This year, the Dodgers got a head start on June, going 7-2, moving into first place in the NL West and claiming the best record in the NL before the Angels came to town. So Torre's reasoning that it all depends on how much momentum you take into interleague play doesn't hold water in this case. But the schedule for the rest of the month is treacherous. And just like in previous seasons, there figures to be a collective sigh of relief when the Dodgers can cross that final interleague game off their schedule and return to the more familiar surroundings -- and more familiar opponents -- of the NL.
"I don't see any difference [in interleague play] other than the fact you don't know the other team very well," Torre said.
But that rationale is hard to swallow where the Angels are concerned because the Dodgers play them as many times (six) as they play most of the NL teams outside the West.
Some of the Dodgers' shortcomings affect the NL as a whole. The AL has long dominated not only interleague play, but also the All-Star Game, which the NL hasn't won since 1996, and the World Series, which was won by an NL team just nine times in the last 27 years.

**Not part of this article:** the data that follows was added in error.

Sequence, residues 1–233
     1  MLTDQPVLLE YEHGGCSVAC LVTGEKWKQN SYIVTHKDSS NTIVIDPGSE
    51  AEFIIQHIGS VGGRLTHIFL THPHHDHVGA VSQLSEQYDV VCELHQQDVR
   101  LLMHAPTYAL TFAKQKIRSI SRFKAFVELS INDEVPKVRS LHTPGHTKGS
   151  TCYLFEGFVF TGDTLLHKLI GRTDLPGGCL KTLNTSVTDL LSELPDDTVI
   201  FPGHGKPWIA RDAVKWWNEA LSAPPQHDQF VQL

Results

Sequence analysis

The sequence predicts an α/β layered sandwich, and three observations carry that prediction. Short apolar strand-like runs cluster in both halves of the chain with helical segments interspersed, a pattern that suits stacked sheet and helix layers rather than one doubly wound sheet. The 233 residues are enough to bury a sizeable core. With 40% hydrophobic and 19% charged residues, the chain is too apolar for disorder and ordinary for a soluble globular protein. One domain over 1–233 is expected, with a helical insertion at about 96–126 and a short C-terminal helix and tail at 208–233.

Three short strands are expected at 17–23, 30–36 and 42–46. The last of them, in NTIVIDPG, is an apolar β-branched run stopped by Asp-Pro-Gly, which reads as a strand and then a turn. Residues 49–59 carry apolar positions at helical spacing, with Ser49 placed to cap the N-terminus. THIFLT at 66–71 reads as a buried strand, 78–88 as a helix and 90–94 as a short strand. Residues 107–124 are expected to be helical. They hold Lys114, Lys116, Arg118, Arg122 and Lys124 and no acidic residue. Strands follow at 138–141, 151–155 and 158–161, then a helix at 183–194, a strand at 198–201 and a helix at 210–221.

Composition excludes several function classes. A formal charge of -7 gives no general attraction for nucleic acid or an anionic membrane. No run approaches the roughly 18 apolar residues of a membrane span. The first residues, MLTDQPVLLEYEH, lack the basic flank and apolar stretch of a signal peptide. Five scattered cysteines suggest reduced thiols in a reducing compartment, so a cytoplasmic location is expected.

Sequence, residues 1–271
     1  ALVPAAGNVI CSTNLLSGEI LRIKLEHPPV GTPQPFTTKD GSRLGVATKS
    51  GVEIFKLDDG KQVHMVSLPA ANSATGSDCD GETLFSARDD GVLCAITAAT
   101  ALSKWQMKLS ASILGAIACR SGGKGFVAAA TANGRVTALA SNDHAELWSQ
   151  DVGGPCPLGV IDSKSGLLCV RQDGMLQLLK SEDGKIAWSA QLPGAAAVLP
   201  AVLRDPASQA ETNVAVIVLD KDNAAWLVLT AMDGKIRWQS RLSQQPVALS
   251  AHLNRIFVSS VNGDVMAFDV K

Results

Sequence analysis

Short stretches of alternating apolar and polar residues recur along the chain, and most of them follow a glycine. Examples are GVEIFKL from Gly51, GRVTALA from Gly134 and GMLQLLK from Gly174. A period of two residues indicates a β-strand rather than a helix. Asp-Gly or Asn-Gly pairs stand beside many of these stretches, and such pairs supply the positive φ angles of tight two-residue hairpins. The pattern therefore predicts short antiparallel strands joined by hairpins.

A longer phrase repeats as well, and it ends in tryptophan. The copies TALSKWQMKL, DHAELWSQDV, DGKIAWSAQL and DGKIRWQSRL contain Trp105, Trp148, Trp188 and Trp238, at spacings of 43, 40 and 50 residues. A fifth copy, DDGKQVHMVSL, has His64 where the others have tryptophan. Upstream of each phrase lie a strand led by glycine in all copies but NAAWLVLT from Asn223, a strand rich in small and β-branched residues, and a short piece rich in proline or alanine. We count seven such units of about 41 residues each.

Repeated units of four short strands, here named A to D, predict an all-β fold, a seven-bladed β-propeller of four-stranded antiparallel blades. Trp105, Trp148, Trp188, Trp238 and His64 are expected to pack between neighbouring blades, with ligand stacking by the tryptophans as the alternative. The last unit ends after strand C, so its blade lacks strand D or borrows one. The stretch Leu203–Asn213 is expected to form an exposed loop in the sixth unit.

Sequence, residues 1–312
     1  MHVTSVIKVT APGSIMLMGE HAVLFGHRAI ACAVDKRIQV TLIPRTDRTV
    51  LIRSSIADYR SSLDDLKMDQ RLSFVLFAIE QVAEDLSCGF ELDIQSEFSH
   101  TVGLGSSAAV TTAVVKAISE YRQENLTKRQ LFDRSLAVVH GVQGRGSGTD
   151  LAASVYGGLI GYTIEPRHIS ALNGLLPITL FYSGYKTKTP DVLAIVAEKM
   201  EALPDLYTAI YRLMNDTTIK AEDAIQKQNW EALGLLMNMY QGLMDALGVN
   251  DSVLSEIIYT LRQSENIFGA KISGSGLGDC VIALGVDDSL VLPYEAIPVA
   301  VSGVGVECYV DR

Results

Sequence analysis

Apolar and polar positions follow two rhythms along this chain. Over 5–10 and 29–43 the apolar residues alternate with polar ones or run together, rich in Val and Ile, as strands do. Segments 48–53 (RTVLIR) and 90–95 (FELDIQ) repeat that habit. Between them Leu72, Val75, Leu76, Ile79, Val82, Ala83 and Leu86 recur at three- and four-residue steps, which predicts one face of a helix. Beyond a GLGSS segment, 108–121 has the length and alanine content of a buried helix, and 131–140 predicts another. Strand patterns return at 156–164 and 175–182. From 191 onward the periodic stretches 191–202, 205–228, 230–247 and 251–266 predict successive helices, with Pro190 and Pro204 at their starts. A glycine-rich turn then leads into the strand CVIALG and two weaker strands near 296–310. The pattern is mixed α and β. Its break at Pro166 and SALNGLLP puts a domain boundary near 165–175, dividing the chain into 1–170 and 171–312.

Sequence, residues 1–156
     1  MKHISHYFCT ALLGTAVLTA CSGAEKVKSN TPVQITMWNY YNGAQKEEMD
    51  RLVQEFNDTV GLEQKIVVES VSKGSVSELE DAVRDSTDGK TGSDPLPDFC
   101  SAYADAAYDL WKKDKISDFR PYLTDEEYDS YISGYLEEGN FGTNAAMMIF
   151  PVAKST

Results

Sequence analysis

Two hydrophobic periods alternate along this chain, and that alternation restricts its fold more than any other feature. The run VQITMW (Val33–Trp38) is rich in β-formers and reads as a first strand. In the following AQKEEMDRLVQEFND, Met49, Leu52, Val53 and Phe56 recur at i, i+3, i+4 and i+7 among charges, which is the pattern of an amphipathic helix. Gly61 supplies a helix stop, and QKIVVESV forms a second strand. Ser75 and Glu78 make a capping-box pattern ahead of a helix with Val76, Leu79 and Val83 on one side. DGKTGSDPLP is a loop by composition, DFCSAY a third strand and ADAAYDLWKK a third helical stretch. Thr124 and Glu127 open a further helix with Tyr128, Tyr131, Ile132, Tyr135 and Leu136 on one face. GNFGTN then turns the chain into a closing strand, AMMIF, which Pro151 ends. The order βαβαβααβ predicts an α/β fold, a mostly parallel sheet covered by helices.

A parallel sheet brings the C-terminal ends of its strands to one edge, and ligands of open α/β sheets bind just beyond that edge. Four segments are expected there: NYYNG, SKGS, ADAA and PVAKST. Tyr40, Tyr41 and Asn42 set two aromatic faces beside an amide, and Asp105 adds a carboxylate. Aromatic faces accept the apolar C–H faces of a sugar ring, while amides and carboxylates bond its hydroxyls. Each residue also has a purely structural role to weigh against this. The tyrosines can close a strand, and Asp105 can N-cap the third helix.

However, the early returns on interleague play this year show a little more balance: Through Sunday, the two leagues had split the first 72 games (36-36). And even the Dodgers managed to win two of three from a pretty good Detroit Tigers team during the first weekend of interleague play back in May.
The Dodgers catch a break in that they have only 15 interleague games this season instead of the usual 18. Even better for them, only six of those games are in AL parks, where the home teams presumably have a huge advantage because they employ a full-time designated hitter. National League teams usually fill that spot with a bench player who isn't good enough to play every day. But in the Dodgers' case, Torre has said Manny Ramirez will be the DH for those games, so at least the Dodgers will be better defensively because either Reed Johnson or Garret Anderson will be playing left field.
But as the Dodgers head to Cincinnati this week, they do so with the bitter aftertaste of having been dominated once again by the Angels in a series in which the Dodgers often appeared to be frustrated to the point of listlessness. Unless they can turn that around in the nine games they have remaining with the Red Sox, Angels and Yankees, the Dodgers will once again be all-too-relieved to get to the end of their interleague schedule so they can focus on their goal of returning to the playoffs.
But if they manage to get all the way to the World Series, well, what do you think they're going to run into when they get there? They will have to find some way to win four out of seven games against what presumably would be the best team from what unquestionably is the better league.
Of course, that wouldn't seem nearly as difficult to fathom if the Dodgers were to prove over the next couple of weeks that they can hold their own -- and maybe win a series or two along the way -- against three of the most talented teams the AL has to throw at them.
Tony Jackson covers the Dodgers for ESPNLosAngeles.com.